5. Sandy, Mack was also on reglan for about 5-6 months- vile drug. I do get angry when I recall how many phone calls I had to make to his ped GI to get him off & on the erythromycin. His nurse adamantly insisted Mack was fine, perfectly safe drug, Grrrrrr. Mack actually blames the tremor on that. Mack may be right: Tremors are a well known side effect of reglan. I don't understand why doctors prescribe this drug for kids! Sometimes the tremors and other neurological symptoms subside within a few months after stopping reglan--how long has he been off? You might want to note the problem to your pediatrician to see if there's anything to be done without extensive further testing. Since Mack already has a dx of POTS (and other diseases?), it seems unnecessary (to me, anyway) to do a lot of testing for other diseases that sometimes include tremors. But maybe mentioning it to the doctor would allay any of Mack's worries (e.g., maybe the doc would say that it probably is an after effect of the reglan) or maybe there's something the doctor would suggest that could help the tremors and other aspects of POTS. The most thoughtful doctors sometimes pick a particular POTS med out of the array because of a symptom like this. E.g., they'll think "well, this one is known to help tremors so let's try it, while that one can aggravate tremors so it would be the last one to try."
  6. Thankful, My son never tried tegretol, but I know that trileptal has a very different side effect profile. Although they're related meds, the big difference is in side effects--trileptal is a variation that addressed some of those side effects. Here's one site I found quickly on the web, summarizing some of the differences I'd heard about: http://www.psycheducation.org/depression/meds/trileptal.htm That site deals with tegretol and trileptal used for bipolar disorder, rather than for POTS and similar conditions. But the comments there are similar to the ones the neurologist made 5 years ago when he started my son on trileptal. Just wanted to note this in case you want to ask your doctor about trileptal--it's possible the side effects would be lower for you than with tegretol (especially if you start low and increase slowly as this site suggests). Good luck with the meds and your foster child!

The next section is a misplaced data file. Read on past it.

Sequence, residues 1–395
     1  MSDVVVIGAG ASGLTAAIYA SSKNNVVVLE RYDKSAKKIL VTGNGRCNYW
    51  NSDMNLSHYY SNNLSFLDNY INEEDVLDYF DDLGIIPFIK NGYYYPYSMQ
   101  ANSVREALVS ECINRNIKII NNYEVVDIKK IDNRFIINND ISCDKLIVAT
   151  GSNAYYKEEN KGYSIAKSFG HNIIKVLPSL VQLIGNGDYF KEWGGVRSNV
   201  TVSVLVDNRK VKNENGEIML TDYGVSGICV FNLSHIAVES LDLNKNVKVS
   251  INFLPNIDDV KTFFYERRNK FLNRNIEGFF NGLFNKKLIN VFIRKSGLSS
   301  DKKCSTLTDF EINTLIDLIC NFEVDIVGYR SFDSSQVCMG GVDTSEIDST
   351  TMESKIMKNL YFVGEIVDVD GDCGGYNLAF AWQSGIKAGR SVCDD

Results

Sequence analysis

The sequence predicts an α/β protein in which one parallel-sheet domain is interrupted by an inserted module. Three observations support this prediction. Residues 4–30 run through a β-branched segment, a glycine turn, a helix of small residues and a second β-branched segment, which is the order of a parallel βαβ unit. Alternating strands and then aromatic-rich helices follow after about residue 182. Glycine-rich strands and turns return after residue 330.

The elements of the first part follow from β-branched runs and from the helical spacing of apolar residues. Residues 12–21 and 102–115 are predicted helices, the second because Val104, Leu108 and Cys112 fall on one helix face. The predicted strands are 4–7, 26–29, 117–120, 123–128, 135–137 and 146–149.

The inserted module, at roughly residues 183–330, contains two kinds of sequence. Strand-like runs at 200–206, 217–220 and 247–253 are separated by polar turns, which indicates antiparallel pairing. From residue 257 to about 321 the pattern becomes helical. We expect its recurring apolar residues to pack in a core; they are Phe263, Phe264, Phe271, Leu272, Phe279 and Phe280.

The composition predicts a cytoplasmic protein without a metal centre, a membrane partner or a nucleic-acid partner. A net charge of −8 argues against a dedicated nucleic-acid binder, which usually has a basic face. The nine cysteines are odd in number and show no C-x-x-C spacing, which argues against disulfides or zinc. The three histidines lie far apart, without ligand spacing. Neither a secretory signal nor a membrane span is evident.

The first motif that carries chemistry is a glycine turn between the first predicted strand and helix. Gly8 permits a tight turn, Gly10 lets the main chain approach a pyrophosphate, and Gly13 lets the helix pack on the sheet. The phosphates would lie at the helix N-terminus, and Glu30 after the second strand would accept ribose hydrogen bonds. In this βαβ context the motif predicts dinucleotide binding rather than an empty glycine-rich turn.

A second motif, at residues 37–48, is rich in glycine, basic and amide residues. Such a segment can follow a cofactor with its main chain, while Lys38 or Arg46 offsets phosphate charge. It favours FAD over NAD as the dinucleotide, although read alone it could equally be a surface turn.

7. Paint the Moon, I hope this report will give you a mental boost. I'm posting the note separately for other members as well. Dr. Low and the Mayo autonomic team just published a study of 116 women who had POTS while pregnant. There were no adverse events, for mother or baby, related to POTS. And overall, the rate of complications in pregnancies/deliveries with POTS mothers were no greater than with other mothers. The study also identified a "trend toward modest improvement" of POTS symptoms both during pregnancy and after delivery. The improvements weren't large, so the researchers concluded that that pregnancy and childbirth have no significant long-term impact on POTS. But the good news is: (1) no harm to the baby from POTS; (2) no trend toward worsening of symptoms for mothers; and (3) possibility of improvement of symptoms. If you experienced improvement during the first months of pregnancy, Paint the Moon, hopefully that will continue for you after delivery! I haven't read the full study, but the summary is on pubmed: http://www.ncbi.nlm.nih.gov/pubmed/20516426